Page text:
by Craig Evans
Here are my picks for language in the news from the past week:
English Baccalaureate encourages greater foreign language GCSE uptake – A report produced by the CfBT education charity has revealed how schools in England have been encouraging more pupils to take foreign language GCSEs. This follows the introduction of the English Baccalaureate league table in 2011, which measures the percentage of pupils achieving grades A*-C in a number of esteemed subjects, including foreign languages. The report shows that over half of the pupils are taking a foreign language GCSE in 50% of state-funded schools, compared with 38% in 2010.
BBC 6 music criticised for censoring Elvis Costello song – A listener’s complaint about editing out the word ‘nigger’ from the Elvis Costello song ‘Oliver’s Army’ on BBC 6 music has led to widespread criticism of the decision. The term ‘white nigger’ occurs in the song, and is said to be a pejorative reference to Irish people used by British soldiers in Northern Ireland in the 1970s. The BBC presenter Trevor Nelson has described the decision to censor the word as ‘patronising’.
Plans to add the Serb Cyrillic script to street signs creates tensions in Croatian town – The Serb community in Vukovar, a Croatian town bombed by Serb rebels in the 1991 war of independence, has won the right to use their language and script in public domains. This follows the 2011 census which shows that Serbs now make up more than a third of the population, the threshold required by the constitution in order for their language to be used. Bilingual signs, already used in other parts of Croatia, have met with little resistance where the Serb population is sizable. However, Vukovar is a symbol of Croat suffering during the war, and many have come out in protest against the decision.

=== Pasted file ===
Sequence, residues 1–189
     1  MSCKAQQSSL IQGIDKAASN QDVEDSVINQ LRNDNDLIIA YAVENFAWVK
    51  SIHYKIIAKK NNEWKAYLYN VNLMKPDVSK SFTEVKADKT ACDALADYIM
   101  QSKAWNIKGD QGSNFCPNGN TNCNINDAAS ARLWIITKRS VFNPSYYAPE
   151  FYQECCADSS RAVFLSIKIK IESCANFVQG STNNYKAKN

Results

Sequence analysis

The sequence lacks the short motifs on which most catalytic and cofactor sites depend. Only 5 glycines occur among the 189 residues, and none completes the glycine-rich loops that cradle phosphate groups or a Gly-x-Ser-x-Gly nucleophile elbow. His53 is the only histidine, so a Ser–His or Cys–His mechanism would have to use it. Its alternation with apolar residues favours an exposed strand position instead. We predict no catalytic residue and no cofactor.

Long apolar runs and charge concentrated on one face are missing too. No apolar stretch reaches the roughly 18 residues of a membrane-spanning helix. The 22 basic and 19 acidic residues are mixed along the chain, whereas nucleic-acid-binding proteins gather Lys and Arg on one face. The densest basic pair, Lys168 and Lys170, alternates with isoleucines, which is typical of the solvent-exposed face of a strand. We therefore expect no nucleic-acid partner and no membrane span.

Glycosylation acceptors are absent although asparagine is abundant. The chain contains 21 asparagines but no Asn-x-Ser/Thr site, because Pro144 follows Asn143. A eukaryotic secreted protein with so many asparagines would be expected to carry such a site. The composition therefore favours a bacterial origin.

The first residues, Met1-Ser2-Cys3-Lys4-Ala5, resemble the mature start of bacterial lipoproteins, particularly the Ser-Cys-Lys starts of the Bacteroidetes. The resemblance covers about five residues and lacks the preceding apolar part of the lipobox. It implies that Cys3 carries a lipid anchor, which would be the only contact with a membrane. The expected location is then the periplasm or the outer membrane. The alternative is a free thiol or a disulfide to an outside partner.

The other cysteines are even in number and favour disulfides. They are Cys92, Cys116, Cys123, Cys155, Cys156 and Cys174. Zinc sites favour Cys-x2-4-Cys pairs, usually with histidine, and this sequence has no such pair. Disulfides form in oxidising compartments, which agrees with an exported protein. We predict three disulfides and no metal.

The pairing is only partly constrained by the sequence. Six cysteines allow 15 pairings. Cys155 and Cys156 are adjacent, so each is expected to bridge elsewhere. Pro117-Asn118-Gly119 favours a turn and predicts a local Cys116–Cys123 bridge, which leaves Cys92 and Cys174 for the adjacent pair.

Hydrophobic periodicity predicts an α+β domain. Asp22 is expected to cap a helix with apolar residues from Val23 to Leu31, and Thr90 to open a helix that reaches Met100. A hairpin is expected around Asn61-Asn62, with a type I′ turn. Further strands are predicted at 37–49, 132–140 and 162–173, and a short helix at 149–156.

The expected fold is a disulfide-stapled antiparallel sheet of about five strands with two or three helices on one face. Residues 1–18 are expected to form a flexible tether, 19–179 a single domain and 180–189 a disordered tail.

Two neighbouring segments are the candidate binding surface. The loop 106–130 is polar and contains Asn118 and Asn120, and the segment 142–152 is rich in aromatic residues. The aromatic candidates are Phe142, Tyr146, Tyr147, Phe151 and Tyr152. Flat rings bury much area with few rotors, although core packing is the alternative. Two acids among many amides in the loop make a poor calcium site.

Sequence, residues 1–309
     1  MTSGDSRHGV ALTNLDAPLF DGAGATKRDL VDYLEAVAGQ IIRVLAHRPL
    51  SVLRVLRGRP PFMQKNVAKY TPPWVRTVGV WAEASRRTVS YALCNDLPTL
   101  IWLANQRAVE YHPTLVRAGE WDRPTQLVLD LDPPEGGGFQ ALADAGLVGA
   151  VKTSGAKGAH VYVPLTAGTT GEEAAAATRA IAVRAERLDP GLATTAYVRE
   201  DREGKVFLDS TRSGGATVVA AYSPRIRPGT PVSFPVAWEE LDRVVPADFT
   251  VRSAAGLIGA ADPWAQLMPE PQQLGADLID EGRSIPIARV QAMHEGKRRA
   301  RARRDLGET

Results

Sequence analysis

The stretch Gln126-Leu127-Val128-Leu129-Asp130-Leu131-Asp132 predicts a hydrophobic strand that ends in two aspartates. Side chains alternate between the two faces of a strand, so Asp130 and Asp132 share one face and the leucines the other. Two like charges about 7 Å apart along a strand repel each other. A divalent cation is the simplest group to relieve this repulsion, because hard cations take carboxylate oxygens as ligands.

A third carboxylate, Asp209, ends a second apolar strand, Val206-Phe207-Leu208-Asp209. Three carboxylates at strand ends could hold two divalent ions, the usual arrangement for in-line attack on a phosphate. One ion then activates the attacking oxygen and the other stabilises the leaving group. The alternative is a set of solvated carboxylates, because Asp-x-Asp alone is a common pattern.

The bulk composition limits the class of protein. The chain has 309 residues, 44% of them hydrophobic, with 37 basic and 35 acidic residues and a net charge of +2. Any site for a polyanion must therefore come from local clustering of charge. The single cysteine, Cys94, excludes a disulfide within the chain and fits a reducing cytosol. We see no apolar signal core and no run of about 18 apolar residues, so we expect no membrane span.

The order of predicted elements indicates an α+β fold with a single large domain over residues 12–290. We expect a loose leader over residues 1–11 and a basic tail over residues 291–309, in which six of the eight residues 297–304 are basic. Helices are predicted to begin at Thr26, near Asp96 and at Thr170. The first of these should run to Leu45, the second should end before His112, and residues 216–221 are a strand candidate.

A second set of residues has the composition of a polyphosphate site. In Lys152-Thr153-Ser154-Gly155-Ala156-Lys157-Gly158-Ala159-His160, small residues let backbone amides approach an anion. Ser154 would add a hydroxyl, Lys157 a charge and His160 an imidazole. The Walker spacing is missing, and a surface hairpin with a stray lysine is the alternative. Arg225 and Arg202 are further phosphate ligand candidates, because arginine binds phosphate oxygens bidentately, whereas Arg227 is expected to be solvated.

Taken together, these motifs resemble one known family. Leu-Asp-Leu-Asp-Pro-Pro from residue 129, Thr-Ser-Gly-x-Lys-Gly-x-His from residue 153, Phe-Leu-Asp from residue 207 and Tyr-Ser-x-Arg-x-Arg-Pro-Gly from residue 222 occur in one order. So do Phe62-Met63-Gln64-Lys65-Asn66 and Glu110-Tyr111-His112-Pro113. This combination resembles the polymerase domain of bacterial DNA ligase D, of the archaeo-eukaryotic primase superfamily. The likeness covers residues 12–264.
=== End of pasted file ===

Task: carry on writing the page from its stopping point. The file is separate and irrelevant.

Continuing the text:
A new phonetic writing system has been developed by an investment banker – writing in The Telegraph, Anne Merritt asks: Will a new phonetic alphabet catch on?
Budget 2013: Osborne ’employs his sneer technique to good effect’ – Following the latest budget, Paddy J. O’Donnell, professor of psychology at the University of Glasgow, takes a look at George Osborne’s body language.
A boy named North West – What’s in a name? Can our name influence the person we will become? Charles Nevin explores this idea, writing in the BBC News Magazine.
For whom the bell tolls – Megan Garber, writing in The Atlantic, discusses the decline in use of the pronoun ‘whom’.